1 Real Ale pub
other licensed premises
Martlesham Heath is part of Martlesham parish.
Population (2011) of Martlesham parish: 5478.
Local licensing authority for Martlesham Heath is East Suffolk.
About Martlesham Heath
First glance suggests that a mass of modern housing and a variety of industrial developments has totally enveloped the former RAF airfield from where Douglas Bader and others flew many WW2 missions. Whilst the modern A12 dramatically cuts the former airfield in half. However in many respects this very modern settlement containing a wide diversity of housing and the popular Douglas Bader pub may have more of a "village feel" than several other nearby and more historic villages which have lost all of their facilities, including the pub, shop and post office. Today some local residents claim that "the heath" is more representative of modern Suffolk than other nearby villages that may now contain a high percentage of second homes (many of which are only used at the weekends).
The modern village is centred on a large green where cricket and football are regularly played. Bus route 66 links the area to Ipswich town centre with a regular service including late night buses. Some remnants of the old heathland still survive and hold a variety of wildlife including the rare Silver Studded Blue butterfly. A group of Bronze Age barrows also lie on the edge of the heathland - some of which have been excavated in recent years.
On July 9th 2017, a commemorative stone (see gallery) was unveiled to mark 100 years since the opening of Martlesham Heath airfield. It can be found alongside the pub.
This stone commemorates 100 years of Martlesham Heath.
On 16 January 1917 Martlesham Heath airfield was officially commissioned and adopted by the Royal Flying Corps, with the Experimental Aircraft Flight taking up residence. It became RAF Martlesham Heath on 1 April 1918, with the formation of the Royal Air Force.
From 1917-1963 the airfield was the RFC and RAF's main aviation research and development establishment, apart from during World War 2 when it became a Battle of Britain fighter station within 11 Group. In the years leading up to WW2 it played an important part in the development of Radar.
During 1941 volunteer pilots from the USA flew with the RAF from Martlesham Heath; they became know as the Eagle Squadrons. From 1943 the USAAF 356th Fighter Group was based here, providing support to American bombers on missions over occupied Europe.
RAF Martlesham Heath closed on 25 April 1963, but not before helping to perfect automated blind landings.
Barrack Square with its war memorials is a reminder to lives lost in the defence of this country by RAF Martlesham Heath personnel. The first memorial was dedicated in June 1946 to the USAAF 356th Fighter Group. The second was dedicated in 1991 to the RAF, Commonwealth and Dominion Air forces. The third memorial recognises the work carried out here by the many experimental units perfecting aviation technology.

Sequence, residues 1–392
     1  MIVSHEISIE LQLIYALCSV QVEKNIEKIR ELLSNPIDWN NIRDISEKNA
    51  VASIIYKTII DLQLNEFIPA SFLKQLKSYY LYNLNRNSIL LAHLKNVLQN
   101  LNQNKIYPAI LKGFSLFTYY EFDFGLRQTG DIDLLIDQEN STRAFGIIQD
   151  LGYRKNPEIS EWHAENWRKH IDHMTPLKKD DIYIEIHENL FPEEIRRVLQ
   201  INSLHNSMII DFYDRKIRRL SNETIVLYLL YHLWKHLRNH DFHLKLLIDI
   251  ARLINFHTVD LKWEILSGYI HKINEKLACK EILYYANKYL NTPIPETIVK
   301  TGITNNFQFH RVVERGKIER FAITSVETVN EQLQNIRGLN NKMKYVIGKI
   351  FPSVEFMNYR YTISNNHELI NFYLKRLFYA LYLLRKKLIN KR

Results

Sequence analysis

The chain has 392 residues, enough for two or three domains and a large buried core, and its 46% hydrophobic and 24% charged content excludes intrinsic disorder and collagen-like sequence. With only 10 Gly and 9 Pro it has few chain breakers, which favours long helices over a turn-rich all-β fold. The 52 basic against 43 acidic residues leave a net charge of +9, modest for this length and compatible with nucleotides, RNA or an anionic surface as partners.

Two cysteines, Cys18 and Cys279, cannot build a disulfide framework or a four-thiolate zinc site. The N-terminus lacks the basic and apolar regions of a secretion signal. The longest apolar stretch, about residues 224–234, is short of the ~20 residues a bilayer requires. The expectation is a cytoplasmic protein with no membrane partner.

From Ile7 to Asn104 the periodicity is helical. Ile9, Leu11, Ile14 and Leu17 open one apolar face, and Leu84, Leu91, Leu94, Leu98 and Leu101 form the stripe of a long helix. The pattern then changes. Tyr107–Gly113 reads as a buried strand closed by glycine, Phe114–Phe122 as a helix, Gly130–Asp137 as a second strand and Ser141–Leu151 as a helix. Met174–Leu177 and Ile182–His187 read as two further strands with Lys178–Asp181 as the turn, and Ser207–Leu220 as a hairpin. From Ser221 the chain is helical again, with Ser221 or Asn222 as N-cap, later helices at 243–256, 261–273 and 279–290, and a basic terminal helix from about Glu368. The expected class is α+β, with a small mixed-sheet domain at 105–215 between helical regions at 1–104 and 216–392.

In 1968 the General Post Office began to move its Research Station from Dollis Hill in London. The Post Office Research Centre was officially opened by Her Majesty The Queen on 21 November 1975. Known since 1999 as Adastral park, it is home to BT's technologists and numerous independent Innovation Martlesham companies.
Suffolk Constabulary moved its headquarters to Martlesham Heath in 1976.
In 1972 landowners Bradford Property Trust proposed a new village comprising houses, shops, schooling and recreational facilities. From this the award-winning Martlesham Heath village was born and has evolved.
Today's Martlesham Heath has thriving industrial and retail zones and Falcon Park, a large retirement home development.
RAF Martlesham Heath dates back to the Great War and the Royal Flying Corps. Between wars was one of just a handful of airbases that remained open. TE Lawrence (Lawrence of Arabia) was based here for some of that time as a mechanic. He also spent some time at RAF Felixstowe. During the 1920s & 1930s the Aeroplane & Armament Experimental Establishment (AAEE) was located here and was responsible for the testing of many prototype aircraft - including the Spitfire and Hurricane - usually undertaken from Hanger B, a site now occupied by a bowling alley.
During WW2 various squadrons and aircraft operated from here including Hurricanes of 151st, 17th, 257th, 504th, 85th Squadrons and the 242nd Squadron (a Canadian group led by Douglas Bader). There were also Defiants of 264th Squadron, Spitfires of 266th Squadron, Blenheims of 25th Squadron and Typhoons of 182nd Squadron. From October 1943 the base was used by P47 (Thunderbolt) aeroplanes of the USAF 356th Fighter Group until May 1945. During operations they claimed 201 enemy aircraft for the loss of 122 fighters. Reverting to RAF use it closed in 1963. The small barrack square still survives with memorials and Martlesham Heath Aviation Society maintain a museum at the old Control Tower.
Some details from "Suffolk Airfields in WW2" by Graham Smith.